michael orlitzky

Fix busted ACLs faster with libadacl

the problem

Using POSIX ACLs sucks because a lot of common tools mess with the permission bits, and ACLs change the meaning of your ancient, totally standard permission bits. I've hacked together various fixes for this in the past, and you can read these for some dumb history:

Six years of suck. The following packages are all still broken, in the sense that they fuck with the permission bits after creating files, and thus break your default ACLs:

The approach we've been using is to call the standalone apply-default-acl program on each new file, but launching a new process for every file is stupid and slow.

the fix

The magic behind apply-default-acl is now available in libadacl, the shared library that powers (and is shipped as part of) apply-default-acl. When you install apply-default-acl, the library is installed too. It has exactly one function in its public API:

#define ACL_ERROR -1
#define ACL_FAILURE 0
#define ACL_SUCCESS 1

int apply_default_acl(const char* path,
                      bool no_exec_mask,
                      bool recursive);

The three arguments are,

path (string)
The path to the file that should inherit its parent's default ACL.
no_exec_mask (bool)
Set this to true if you'd like normal files to inherit the execute permissions of their parent directories (you probably don't).
recursive (bool)
Do you want to operate recursively if path is a directory?

The function returns one of the constants,

If the parent's ACL was successfully inherited to path.
If an “expected” failure occurred, like if we ignored a symbolic link.
If an unexpected library error occurred.

When recursive is true, the most bad result from all of the paths is returned.

how to use it

  1. Download and install apply-default-acl normally, with ./configure, make, and make install.
  2. Add #include <libadacl.h> to the top of your C program.
  3. Add -ladacl to your linker flags.
  4. Call apply_default_acl() on the paths that you want to fix.
  5. Ensure that your system knows where to look for the shared library. For example, if you installed into /usr/local, then you will have to do some other shit to tell your linker to look there. I don't know, google it.

Lucky for you I have three examples prepared: new patches for coreutils, tar and p7zip.

fixing coreutils, tar, and p7zip all over again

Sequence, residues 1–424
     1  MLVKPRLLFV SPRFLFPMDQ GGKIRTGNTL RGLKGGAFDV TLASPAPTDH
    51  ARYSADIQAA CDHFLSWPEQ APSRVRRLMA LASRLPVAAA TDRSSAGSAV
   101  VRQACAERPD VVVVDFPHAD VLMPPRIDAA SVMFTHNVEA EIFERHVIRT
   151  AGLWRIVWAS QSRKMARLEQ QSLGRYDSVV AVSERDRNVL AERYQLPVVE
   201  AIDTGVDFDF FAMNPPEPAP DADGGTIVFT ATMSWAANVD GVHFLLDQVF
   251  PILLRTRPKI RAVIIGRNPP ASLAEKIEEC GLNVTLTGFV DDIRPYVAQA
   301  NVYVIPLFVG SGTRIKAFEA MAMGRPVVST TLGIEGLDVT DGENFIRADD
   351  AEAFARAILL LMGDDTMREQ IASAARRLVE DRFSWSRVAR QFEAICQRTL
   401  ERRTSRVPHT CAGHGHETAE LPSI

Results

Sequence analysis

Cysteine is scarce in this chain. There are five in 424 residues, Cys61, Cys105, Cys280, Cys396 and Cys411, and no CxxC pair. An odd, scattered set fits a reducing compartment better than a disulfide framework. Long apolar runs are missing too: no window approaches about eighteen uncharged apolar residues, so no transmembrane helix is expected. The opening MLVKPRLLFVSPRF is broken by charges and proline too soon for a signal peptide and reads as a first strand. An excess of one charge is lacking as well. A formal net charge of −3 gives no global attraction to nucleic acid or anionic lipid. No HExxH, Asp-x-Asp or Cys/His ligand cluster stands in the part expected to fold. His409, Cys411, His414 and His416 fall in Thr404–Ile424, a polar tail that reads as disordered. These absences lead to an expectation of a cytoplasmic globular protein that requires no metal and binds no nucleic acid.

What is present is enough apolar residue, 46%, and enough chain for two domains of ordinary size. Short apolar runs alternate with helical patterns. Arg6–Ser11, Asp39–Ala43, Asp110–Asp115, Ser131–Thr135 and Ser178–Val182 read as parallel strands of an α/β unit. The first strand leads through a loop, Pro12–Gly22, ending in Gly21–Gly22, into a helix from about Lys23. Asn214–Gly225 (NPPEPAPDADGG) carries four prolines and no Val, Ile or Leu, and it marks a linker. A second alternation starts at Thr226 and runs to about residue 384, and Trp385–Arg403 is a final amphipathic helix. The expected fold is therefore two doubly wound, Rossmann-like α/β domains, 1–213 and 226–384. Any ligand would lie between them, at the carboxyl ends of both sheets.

With a recent version (0.3.1 or newer) of apply-default-acl installed, you should be able to build patched versions of these tools. If you need libadacl in your own programs, read the patches to see what they do.


user $ wget -q http://ftp.gnu.org/gnu/coreutils/coreutils-8.29.tar.xz

user $ tar -xf coreutils-8.29.tar.xz

user $ rm coreutils-8.29.tar.xz

user $ cd coreutils-8.29/

user $ wget -q http://michael.orlitzky.com/code/releases/coreutils-8.29_libadacl-0.3.1.patch

user $ patch -p1 < coreutils-8.29_libadacl-0.3.1.patch

patching file Makefile.in

patching file src/copy.c

user $ rm coreutils-8.29_libadacl-0.3.1.patch

user $ ./configure && make


user $ wget -q http://ftp.gnu.org/gnu/tar/tar-1.30.tar.xz

user $ tar -xf tar-1.30.tar.xz

user $ rm tar-1.30.tar.xz

user $ cd tar-1.30

user $ wget -q http://michael.orlitzky.com/code/releases/tar-1.30_libadacl-0.3.1.patch

user $ patch -p1 < tar-1.30_libadacl-0.3.1.patch

patching file src/Makefile.in

patching file src/common.h

patching file src/extract.c

patching file src/warning.c

user $ rm tar-1.30_libadacl-0.3.1.patch

user $ ./configure && make


user $ wget -q https://downloads.sourceforge.net/project/p7zip/p7zip/16.02/p7zip_16.02_src_all.tar.bz2

user $ tar -xf p7zip_16.02_src_all.tar.bz2

user $ rm p7zip_16.02_src_all.tar.bz2

user $ cd p7zip_16.02

user $ wget -q http://michael.orlitzky.com/code/releases/p7zip-16.02_libadacl-0.3.1.patch

user $ patch -p1 < p7zip-16.02_libadacl-0.3.1.patch

patching file CPP/Windows/FileDir.cpp

patching file makefile.linux_amd64_asm

patching file makefile.linux_x86_asm_gcc_4.X

patching file makefile.machine

user $ rm p7zip-16.02_libadacl-0.3.1.patch

user $ make